Andalusia’s traditions are strongly influenced by gypsy culture. These gypsies came from India and Egypt centuries ago and are now integrated into the local society, living in houses just like the other Spaniards.
There are also gypsy families from Eastern Europe that visit Spain and wander from place to place to make a living. They travel from feria (fair) to feria to sell roses or balloons, shine shoes and read palms. I decided that in order to cover the phenomenon of the feria, it was also important to show the lives of these people.
Despite the short distance between the feria and the gypsy campsite, there is a complete change of scenery. You leave all beauty behind, and signs of poverty are everywhere. It can be quite intimidating. But instead of hiding my camera, a normal reflex in situations like this, I do the opposite. I relax.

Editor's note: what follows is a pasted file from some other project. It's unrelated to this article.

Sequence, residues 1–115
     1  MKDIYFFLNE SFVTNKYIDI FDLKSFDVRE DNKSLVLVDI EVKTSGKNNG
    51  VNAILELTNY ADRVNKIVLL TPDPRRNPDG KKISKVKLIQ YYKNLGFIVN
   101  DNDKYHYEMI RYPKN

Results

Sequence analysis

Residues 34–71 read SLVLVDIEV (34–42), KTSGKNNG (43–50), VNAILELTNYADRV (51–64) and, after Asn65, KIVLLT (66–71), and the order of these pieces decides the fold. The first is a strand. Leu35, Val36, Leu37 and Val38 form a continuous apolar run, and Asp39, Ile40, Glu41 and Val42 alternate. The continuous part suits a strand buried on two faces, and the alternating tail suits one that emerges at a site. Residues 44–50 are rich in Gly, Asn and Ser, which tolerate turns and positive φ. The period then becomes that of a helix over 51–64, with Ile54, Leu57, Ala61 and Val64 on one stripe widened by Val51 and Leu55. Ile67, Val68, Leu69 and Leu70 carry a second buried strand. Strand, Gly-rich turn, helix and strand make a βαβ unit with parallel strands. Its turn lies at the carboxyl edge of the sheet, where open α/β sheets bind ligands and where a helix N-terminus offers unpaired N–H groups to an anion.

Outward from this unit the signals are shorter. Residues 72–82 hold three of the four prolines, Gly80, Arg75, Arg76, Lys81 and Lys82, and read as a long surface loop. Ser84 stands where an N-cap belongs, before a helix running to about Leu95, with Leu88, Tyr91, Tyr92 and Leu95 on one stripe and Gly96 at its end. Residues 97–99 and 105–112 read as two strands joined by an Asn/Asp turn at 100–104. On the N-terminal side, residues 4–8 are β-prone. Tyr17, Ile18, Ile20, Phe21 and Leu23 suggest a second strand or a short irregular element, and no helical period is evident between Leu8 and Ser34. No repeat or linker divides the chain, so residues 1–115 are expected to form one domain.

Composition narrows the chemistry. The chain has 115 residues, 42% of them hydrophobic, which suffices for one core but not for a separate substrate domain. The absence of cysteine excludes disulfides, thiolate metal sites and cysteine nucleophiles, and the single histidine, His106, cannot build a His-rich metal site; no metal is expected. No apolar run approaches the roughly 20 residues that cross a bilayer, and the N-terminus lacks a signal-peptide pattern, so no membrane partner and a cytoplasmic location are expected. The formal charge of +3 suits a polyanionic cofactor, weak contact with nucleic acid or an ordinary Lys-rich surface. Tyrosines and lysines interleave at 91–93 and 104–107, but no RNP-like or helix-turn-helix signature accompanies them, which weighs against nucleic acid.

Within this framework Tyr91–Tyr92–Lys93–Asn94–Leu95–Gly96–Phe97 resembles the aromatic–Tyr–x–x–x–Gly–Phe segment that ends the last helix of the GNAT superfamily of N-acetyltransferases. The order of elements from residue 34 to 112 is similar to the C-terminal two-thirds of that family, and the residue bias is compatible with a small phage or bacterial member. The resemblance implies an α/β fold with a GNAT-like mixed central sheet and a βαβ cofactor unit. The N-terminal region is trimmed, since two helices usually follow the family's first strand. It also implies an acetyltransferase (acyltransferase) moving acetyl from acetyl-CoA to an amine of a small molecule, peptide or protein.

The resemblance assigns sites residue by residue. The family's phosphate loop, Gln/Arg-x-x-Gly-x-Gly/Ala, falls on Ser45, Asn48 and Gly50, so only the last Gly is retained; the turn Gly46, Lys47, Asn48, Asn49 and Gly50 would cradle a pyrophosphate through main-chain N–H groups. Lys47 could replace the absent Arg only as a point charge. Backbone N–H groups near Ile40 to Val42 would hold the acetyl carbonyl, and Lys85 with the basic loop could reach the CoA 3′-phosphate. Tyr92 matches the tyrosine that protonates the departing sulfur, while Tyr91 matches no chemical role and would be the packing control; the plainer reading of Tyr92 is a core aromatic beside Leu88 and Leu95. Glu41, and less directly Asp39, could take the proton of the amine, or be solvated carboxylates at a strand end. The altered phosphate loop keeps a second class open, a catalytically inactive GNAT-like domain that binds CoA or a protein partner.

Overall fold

With my camera around my neck, it is obvious that I am a photographer. I believe it is this display of openness, of having nothing to hide, that helps avoid any type of hostility. I talk to the first man I see and take my time. I talk to the second, and without taking any photos I head back to the feria. Every day I return for 15 to 30 minutes. Slowly I begin taking pictures, but never without asking permission first. It was always granted.
I have chosen this photo because it shows the presence of the feria, which is only a stone’s throw away. Just close your eyes and imagine this woman one minute later in the exact same pose, but now surrounded by women in flamenco dresses, noble men sipping a sherry on their purebred horses and very loud music.